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  • Author or Editor: Richard E. Bradley x
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Objective—

To measure and compare blood values in sled dogs before and after long-distance racing.

Design—

Prospective study.

Animals—

17 adult sled dogs in the 1991 Iditarod Trail Sled Dog Race and 21 in a simulated sled dog race.

Procedure—

Blood samples were obtained from 17 dogs 7 days before they began and after they finished (finisher group) or were eliminated from (nonfinisher group) the Iditarod Trail Sled Dog Race. Blood samples were also obtained from 21 dogs before and after a simulated sled dog race.

Results—

In finisher-group dogs, BUN and uric acid (UA) concentrations were increased after racing; nonfinisher-group dogs had significantly lower postrace BUN and UA concentrations. Significant increases in creatine kinase (CK) and aspartate transferase (AST) activities were detected in all dogs after racing, and postrace values were higher in nonfinisher-group dogs, compared with finisher-group dogs. Mean alkaline phosphate activities were significantly increased after racing in nonfinisher-group dogs only. In dogs that ran the simulated race, postrace values for serum albumin, total protein, calcium, and potassium concentrations, as well as Hct, hemoglobin concentration, and RBC count, were significantly lower than prerace values. Postrace values for alkaline phosphate, alanine transaminase, AST, lactate dehydrogenase, CK, BUN, and UA were significantly higher than prerace values.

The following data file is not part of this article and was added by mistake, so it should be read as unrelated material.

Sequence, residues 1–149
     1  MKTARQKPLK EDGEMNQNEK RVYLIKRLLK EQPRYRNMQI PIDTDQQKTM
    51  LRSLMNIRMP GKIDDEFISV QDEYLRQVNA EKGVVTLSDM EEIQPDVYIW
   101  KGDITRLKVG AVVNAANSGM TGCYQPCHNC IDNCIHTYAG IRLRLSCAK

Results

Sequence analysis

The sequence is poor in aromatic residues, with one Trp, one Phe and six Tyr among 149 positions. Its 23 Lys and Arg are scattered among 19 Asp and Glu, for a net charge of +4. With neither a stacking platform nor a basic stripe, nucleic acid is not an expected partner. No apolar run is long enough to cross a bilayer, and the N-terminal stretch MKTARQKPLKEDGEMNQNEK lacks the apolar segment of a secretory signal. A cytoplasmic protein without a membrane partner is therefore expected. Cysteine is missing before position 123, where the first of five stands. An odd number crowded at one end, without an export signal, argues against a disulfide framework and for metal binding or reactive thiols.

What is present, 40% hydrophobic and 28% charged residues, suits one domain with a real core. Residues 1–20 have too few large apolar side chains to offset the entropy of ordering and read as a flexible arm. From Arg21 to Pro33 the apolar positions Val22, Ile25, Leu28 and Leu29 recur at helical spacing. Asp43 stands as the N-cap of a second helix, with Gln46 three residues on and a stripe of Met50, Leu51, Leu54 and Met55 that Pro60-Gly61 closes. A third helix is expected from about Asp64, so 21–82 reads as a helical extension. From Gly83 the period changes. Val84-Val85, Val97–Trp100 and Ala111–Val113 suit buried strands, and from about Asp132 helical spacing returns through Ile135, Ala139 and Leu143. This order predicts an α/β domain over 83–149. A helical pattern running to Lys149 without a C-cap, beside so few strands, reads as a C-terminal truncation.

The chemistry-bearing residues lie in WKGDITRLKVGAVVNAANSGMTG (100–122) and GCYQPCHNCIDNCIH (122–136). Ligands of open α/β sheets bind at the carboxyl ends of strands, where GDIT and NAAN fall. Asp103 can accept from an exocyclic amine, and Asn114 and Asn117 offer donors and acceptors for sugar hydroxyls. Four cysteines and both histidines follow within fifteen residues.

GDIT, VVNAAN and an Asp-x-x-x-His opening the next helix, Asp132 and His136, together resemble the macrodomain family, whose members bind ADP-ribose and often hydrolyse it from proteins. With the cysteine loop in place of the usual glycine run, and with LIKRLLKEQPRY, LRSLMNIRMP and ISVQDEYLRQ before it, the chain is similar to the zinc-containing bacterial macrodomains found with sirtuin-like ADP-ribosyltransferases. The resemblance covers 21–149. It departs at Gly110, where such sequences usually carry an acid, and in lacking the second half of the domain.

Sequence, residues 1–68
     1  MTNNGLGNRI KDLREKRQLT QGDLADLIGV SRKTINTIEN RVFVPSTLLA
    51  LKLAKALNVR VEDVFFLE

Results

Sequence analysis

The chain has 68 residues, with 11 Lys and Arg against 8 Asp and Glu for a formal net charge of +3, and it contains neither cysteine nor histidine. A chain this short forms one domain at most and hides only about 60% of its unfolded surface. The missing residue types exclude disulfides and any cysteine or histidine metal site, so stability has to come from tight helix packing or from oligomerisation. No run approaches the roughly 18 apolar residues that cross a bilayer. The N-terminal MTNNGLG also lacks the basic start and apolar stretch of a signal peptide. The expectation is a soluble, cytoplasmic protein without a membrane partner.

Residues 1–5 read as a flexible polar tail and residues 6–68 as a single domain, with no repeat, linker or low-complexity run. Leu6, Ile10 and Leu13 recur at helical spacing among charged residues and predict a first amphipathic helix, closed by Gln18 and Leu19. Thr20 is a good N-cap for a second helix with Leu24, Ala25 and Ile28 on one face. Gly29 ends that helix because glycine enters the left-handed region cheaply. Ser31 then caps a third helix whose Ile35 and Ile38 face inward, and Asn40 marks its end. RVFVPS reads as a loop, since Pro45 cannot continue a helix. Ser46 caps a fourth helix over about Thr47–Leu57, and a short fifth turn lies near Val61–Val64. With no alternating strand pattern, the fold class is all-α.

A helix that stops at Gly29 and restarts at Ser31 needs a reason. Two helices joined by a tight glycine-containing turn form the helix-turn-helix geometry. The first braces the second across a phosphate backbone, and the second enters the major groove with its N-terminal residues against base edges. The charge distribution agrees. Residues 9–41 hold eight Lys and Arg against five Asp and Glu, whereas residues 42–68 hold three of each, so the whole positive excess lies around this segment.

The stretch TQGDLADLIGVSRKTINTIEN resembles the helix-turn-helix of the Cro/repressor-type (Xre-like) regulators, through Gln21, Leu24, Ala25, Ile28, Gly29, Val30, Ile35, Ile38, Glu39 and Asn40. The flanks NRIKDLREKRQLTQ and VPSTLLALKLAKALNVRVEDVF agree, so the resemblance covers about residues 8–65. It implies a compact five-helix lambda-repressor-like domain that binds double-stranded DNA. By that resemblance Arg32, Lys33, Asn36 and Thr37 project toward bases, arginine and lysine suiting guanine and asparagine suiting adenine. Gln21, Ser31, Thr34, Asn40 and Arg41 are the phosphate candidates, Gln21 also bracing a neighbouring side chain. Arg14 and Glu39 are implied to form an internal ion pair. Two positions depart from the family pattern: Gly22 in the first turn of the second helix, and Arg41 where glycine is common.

Clinical Implications—

High CK activities are indicative of severe muscle degeneration and, in sled dogs, may represent a degree of muscle breakdown beyond which a dog cannot continue to work. Markedly high CK, and possibly AST, serum activities may be indicators of performance failure in sled dogs competing in long-distance races. (J Am Vet Med Assoc 1997; 211:175–179)

Free access
in Journal of the American Veterinary Medical Association